which protects the interests of all bidders and sellers. to rating people and their expertise in specific areas. or the Platform for Internet Content Selection (PICS) [10]. approaches such as Yenta [8]. while Yenta clusters people with shared interests according to the recommendations of users that know each other and can verify the assertions they make about themselves. A user would end up evaluating their counterparts' reputation as a consequent of the number and the trustworthiness of the recommendations for each user. In the fourth and the fifth section we describe the solution adopted in the case of Kasbah. Other proposed approaches are more distributed. Collaborative filtering is a technique used to detect patterns among the opinions of different users and to make recommendations to people. OnSale allows its users to rate and submit textual comments about sellers and overall reputation value of a seller is the average of his/her ratings through his usage of the OnSale system. In eBay. Examples of collaborative filtering systems are HOMR [13]. personalized marketing scheme. GroupLens is a collaborative filtering solution for rating the content of Usenet articles and presenting them to the user in a personalized manner. Finally the last section outlines future goals for research in reputation mechanisms for online communities. Adopting such a solution requires a lot of overhead on the behalf of the providers of the online community. For example. One approach to building a reputation mechanism is to have a central agency that keeps records of the recent activity of the users on the system. Firefly [13] and GroupLens [14].1999 Proceedings of the 32nd Hawaii International Conference on System Sciences . while in the online marketplaces. The user sees the articles with a value equal to the average of the ratings given to the article by users in the same cluster. based on others who have shown similar taste. the former two for people and the latter for webpages. All three systems require the a priori existence of social relationships among the users of their online community. We can divide the related work into two major categories: the non-computational ones like the local Better Business Bureaus [6] and the computational ones. However. In OnSale. deals are brokered among people who probably have never met each other. This central agency also keeps records of complaints by users in textual formats and even publishes warnings against possibly malicious users. the newcomers have no reputation until someone eventually rates them. and in the sixth section we present results from simulations. Yenta and Weaving Web of Trust introduce computational methods for creating personal recommendation systems. Related Work The study of reputation brokering for online communities has generally focused on content filtering. a) 2.Proceedings of the 32nd Hawaii International Conference on System Sciences . pretty much like the local Better Business Bureaus in the US [6]. The second section describes related work and the third section outlines specific problems inherent to online marketplaces like Kasbah. from rating of newsgroup postings and webpages. OnSale believes that this requirement helps to ensure that all bids placed are legitimate. very much like the scoring systems of credit history agencies [7]. We can make the reasonable assumption that no user would ever label him/herself as a non-trustworthy person. (like the Recreational Software Advisory Council [11]) would require that users give a rating for themselves and either have a central agency or other trusted users verify their trustworthiness. are the reputation mechanism of the OnSale Exchange [3] and the eBay [2].1999 Sporas is a simple reputation mechanism which can be implemented irrespectively of the number of rated interactions. FFF and the Weaving a Web of Trust rely on the existence of a connected path between two users. sellers receive +1.00 (c) 1999 IEEE 2 . Friend of a Friend Finder (FFF) [12]. It essentially automates the process of "word of mouth" to produce an advanced. The most relevant computational methods to our knowledge. bidders in the OnSale Exchange auction system are not rated at all. 0 or –1 as feedback for their reliability in each auction and their reputation value is calculated as the sum of those ratings over the last six months. Users are clustered together according to the ratings they give to the same articles. Weaving a web of Trust [9]. In both sites the reputation value of a seller is available with any textual comments that may exist to the potential bidders. In this section we focus on the related computational methods and compare their major features in Table 1. and b) Histos is a more complex reputation mechanism that assumes that the system has been somehow bootstrapped (probably by using Sporas) so that there is an abundance of rated interactions to create a dense web of pairwise ratings. The computational methods cover a broad domain of applications. OnSale tries to ensure the bidders' integrity through a rather psychological measure: bidders are required to register with the system by submitting a credit card. In the first section of the paper we outline the problem we are trying to solve and the problems we faced during the initial implementation of the system. while on eBay they start with zero feedback points. Thus all new members would have to await the validation by other trustworthy users of the system. 0-7695-0001-3/99 $10.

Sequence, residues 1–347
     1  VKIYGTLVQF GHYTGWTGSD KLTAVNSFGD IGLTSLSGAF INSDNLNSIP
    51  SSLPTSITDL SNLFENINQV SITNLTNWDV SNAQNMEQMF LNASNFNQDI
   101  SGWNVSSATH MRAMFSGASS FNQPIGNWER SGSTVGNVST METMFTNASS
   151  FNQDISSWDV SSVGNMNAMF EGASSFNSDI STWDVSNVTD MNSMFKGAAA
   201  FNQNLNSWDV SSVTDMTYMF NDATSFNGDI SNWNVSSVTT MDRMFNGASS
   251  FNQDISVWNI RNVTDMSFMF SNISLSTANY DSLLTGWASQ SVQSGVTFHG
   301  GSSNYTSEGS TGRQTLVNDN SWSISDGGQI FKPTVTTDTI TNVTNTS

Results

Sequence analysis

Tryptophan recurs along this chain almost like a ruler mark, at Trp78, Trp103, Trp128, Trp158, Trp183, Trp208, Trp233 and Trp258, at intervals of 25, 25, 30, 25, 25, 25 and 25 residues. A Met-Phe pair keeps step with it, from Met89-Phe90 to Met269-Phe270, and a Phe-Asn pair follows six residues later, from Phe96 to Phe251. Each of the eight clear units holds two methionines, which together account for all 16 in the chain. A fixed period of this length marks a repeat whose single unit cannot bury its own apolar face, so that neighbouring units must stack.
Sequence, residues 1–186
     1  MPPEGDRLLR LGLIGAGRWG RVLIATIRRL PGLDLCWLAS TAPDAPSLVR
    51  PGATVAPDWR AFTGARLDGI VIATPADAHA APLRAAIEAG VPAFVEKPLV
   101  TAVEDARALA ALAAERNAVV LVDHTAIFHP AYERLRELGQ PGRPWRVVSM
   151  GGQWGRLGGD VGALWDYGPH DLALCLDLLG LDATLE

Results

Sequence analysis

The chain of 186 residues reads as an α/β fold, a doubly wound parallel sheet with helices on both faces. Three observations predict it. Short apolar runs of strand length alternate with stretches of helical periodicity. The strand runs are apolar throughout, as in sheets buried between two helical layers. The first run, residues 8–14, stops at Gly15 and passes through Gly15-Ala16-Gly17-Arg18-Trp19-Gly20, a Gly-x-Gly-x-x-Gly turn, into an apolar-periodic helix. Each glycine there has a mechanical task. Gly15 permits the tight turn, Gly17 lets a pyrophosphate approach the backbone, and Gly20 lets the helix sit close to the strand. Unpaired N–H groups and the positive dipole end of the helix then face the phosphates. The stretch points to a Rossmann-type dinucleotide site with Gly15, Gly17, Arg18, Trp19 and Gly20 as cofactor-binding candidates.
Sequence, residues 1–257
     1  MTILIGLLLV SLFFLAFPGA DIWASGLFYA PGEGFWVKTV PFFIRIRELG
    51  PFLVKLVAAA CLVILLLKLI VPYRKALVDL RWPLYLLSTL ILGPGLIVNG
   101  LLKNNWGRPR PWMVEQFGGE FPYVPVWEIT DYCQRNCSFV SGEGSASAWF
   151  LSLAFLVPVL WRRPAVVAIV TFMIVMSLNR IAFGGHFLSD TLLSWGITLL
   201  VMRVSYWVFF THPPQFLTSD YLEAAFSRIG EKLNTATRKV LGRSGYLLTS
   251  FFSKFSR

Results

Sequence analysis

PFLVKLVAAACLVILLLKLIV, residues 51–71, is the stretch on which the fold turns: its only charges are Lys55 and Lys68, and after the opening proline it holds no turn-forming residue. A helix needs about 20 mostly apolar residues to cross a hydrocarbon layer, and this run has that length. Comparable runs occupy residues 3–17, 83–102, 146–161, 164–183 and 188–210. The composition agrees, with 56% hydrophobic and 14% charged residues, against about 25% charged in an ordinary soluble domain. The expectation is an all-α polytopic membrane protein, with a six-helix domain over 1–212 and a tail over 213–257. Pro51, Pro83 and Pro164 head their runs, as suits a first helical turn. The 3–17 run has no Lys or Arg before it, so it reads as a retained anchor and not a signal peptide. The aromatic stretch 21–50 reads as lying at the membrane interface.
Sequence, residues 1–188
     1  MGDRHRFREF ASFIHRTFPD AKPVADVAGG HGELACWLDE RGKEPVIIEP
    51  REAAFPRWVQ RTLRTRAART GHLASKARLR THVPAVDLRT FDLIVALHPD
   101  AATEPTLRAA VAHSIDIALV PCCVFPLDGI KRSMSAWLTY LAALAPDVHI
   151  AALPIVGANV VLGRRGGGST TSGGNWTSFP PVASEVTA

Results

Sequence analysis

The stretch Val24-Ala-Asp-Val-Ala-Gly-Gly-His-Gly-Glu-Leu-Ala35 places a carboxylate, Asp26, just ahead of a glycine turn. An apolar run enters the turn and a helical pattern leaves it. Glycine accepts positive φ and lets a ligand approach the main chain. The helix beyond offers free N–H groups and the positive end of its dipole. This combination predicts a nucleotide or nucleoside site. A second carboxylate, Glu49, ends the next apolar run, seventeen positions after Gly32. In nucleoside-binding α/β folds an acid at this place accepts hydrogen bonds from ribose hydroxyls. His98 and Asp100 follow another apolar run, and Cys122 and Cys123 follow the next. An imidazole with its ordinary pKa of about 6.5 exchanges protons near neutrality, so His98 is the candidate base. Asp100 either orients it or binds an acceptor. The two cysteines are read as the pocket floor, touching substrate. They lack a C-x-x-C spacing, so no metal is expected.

he/she can improve his/her status later at almost the same rate as a beginner.1999 Table 1 Comparison of reputation systems System GroupLens Elo & Glicko OnSale FairIsaac Local BBB’s Web of Trust Kasbah Firefly Ebay Yes Yes Yes Yes Self rating of cost Yes Rating of recommendations buyers rate sellers Yes Yes Yes Yes Computational Yes Yes Yes Yes Pair-wise rating rating of articles result of game buyers rate sellers Yes Yes Personalized Yes Textual comments The latest release of Kasbah [1] features a Better Business Bureau service that implements the reputation mechanisms we describe below. 3. and they build up reputation throughout their activity on the system. However. If the reputation value is evaluated as the arithmetic average of the ratings received since the user joined the system. it will never fall below a beginner's value. In addition the reputation values of the users should not be allowed to increase at infinitum like the case of eBay. We have to ensure that those ratings given by users with an established high reputation in the system are weighted more than the ratings given by beginners or users with low reputations. Even if we allow each user to rate another only once. Sporas: A reputation mechanism for loosely connected online communities Sporas provides a reputation service based on the following principles: 1. users who perform relatively poorly in the beginning. Therefore two friends might decide to perform some dozens of fake transactions. We therefore decided for the reputation mechanisms described in the following section that a beginner cannot start with an average reputation. The larger the number of ratings used in the evaluation of reputation values the highest the predictability of the mechanism it gets. he/she would have an incentive to discard his/her initial identity and start from the beginning. Thus. since the reputation values are associated with human individuals and humans change their behavior over time it is desirable to disregard very old ratings. Thus we ensure that we the predicted reputation values are closer to the current behavior of the individuals rather their overall performance. 4. New users start with a minimum reputation value. Another problem is that the overhead of performing fake transactions in both Kasbah and OnSale Exchange is relatively low (OnSale does not charge any commission on its Exchange service yet). We also want to make sure that even if a user starts receiving very low reputation ratings.Proceedings of the 32nd Hawaii International Conference on System Sciences . 0-7695-0001-3/99 $10. we believe they are not perfect for maintaining reputations in online communities and especially in online marketplaces. if a user ends up having a reputation value lower than the reputation of a beginner. it is desirable that while a user's reputation value may decrease after a transaction. Finally we have to consider the effect of the memory of our system [4]. another way to falsely increase one's reputation would be to create fake identities and have each one of those rate the user's real identity with perfect scores. This section describes some of the problems of online communities and their implications for reputation mechanisms. In online communities. it is relatively easy to adopt a new or change one's identity. Hence. have an incentive to adopt a new identity so that they get rid of their bad reputation history. A good reputation system would avoid both these problems.1999 Proceedings of the 32nd Hawaii International Conference on System Sciences . Desiderata for online reputation systems While the above discussed reputation mechanisms have some interesting qualities. rating each other with perfect scores so as to both increase their reputation value. where a seller may cheat 20% of the time but he/she can still maintain a monotonically increasing reputation value.00 (c) 1999 IEEE 3 .